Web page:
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From the very moment the internal combustion engine was created, people have been on a quest to find more power. We like power, and for many of us, it’s in our DNA. Whether we’re racing against each other, or just ripping along and enjoying the life, we feel a deep-seeded need for speed. If you’re one of us, who views the speed limit as more of a suggestion, and the size of the smile on your face is directly linked to the application of throttle, then you’re probably in the market for one of these machines. The 2018 Yamaha GP1800 and the Kawasaki Ultra 310X are so powerful, you’d swear you were flying over the water. Let’s see how they stack up…by the numbers.
If we’re talking about power, we’re talking about the engines and both of these powerhouses have some serious muscle under the hood. The 2018 Yamaha GP1800 is billed as a performance racing-series PWC. Of course, that doesn’t mean that you can only use it for racing, but if you’re looking for a competition machine, this might be a pretty good choice. It is powered by an 1,812cc 1.8L supercharged, four-cylinder, four-stroke, Super Vortex High Output (SVHO) Yamaha marine engine. Yamaha claims this is the most powerful engine they have ever put into a Waverunner. It is an extremely powerful and torquey engine that runs through a 160mm high-pressure pump.
Kawasaki is no slouch, either, claiming that the Ultra 310X is the most powerful production PWC currently available. How they get there is through a 1,498cc inline, four-cylinder marine engine with an Eaton Twin Vortices Series, Roots-type supercharger and an air-to-water intercooler. This beast of a motor is fed via direct fuel injection and feeds all its power out through a 160mm, axial-flow, single-stage jet pump. This setup is good for 1,890 pounds of thrust. You’d better be holding on tight when you crack the throttle.
To Hull and Back
All the horsepower and thrust means diddley-squat is you can’t put it to good use in a light and maneuverable hull. It’d be like throwing a Corvette engine into an economy-car frame and hoping you can run NASCAR. Luckily these two PWC have highly-advanced hulls to go along with their powerful engines. The GP1800 has Yamaha’s NanoXcel2 ultra-lightweight hull and deck design. This reduces weight while remaining rigid and strong. The 2018 Yamaha GP1800 can carry one to three riders and has an 11-foot long hull that is four-feet wide. It comes in at 769 pounds dry and is very capable of carving up a course, or handling the chop while you’re having fun.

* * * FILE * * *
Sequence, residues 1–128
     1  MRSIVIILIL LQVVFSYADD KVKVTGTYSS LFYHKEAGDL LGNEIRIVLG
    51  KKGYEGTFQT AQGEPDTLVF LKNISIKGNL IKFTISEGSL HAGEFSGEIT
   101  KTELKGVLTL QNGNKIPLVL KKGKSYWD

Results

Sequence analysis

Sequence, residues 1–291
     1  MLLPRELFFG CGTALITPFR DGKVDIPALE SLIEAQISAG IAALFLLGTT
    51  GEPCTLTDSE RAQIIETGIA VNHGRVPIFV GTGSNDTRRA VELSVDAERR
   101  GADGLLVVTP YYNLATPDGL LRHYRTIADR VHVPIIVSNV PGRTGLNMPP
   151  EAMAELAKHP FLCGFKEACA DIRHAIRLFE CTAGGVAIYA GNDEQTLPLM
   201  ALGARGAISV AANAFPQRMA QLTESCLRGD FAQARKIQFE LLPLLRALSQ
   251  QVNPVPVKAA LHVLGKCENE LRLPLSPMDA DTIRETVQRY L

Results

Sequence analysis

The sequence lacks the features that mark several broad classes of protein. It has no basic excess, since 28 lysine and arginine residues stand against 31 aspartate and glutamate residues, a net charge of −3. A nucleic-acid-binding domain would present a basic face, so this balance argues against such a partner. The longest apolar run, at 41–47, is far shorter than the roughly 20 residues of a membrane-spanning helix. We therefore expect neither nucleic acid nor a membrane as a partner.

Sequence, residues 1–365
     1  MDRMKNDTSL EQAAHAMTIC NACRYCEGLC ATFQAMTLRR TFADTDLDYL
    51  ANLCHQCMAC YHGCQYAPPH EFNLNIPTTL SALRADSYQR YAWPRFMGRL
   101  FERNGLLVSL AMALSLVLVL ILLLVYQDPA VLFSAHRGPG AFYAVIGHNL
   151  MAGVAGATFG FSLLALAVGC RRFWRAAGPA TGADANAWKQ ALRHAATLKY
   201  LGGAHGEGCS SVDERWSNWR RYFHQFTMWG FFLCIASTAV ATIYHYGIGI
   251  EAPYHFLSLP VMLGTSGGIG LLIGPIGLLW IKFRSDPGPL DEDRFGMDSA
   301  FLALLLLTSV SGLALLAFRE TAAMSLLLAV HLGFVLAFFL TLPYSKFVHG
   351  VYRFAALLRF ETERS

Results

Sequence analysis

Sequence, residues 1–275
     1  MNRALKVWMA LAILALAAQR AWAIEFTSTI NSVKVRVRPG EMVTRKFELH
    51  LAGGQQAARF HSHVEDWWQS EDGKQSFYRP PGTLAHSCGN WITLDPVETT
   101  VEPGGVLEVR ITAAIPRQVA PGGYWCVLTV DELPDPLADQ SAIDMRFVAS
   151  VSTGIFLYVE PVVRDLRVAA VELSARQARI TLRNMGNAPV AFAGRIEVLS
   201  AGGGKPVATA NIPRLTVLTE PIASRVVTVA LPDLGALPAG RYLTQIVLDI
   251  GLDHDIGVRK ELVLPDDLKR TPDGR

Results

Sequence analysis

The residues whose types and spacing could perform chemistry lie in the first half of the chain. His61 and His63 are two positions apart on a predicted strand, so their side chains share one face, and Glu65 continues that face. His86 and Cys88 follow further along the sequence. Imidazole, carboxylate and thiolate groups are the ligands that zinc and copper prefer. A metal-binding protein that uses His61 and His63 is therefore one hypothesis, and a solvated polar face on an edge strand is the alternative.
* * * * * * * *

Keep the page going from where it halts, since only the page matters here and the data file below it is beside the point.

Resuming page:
The Kawasaki Ultra 310X was designed with an extra deep hull that is one of the best in its class for handling rough water. You may not think rough-water handling is important, but you’d want a machine that can handle it when conditions change rapidly, as they often do on the water. The overall length is just over 11 feet and comes in at just under four-feet wide. The curb-weight is 1,051.8 pounds. The 310X also seats three riders. Assisting handling is Kawasaki’s Smart Steer feature that aids in steering and handling when the throttle is suddenly released at higher speeds. This helps you remain in total control when you let off the gas. The handlebars are also five-way adjustable to fit any rider and the Jet Ski has Kawasaki’s Smart Learning Operation (SLO) mode to help new riders get the hang of things before they feel the brunt of the engine’s massive power output.
Storage is pretty different between the two machines. The 2018 Yamaha GP1800 has 24.6 gallons of storage and an 18.5-gallon fuel tank. The Kawasaki has a whopping 56 gallons of storage capacity and holds 20.6 gallons of fuel. Fuel economy modes make sure you don’t burn through the gas too fast, too.
The 2018 Kawasaki Ultra 310X comes in a Metallic Surf Blue and black color combo. It retails for $15,299 and is available at your local Kawasaki watercraft dealership. Head there to check one out for yourself read our full review here.
The 2018 Yamaha GP1800 comes in two color choices – Torch Red Metallic or Team Yamaha Blue. It has a starting MSRP of $13,999 and can be found at your local Yamaha Waverunner dealership. You can also read our full review here.
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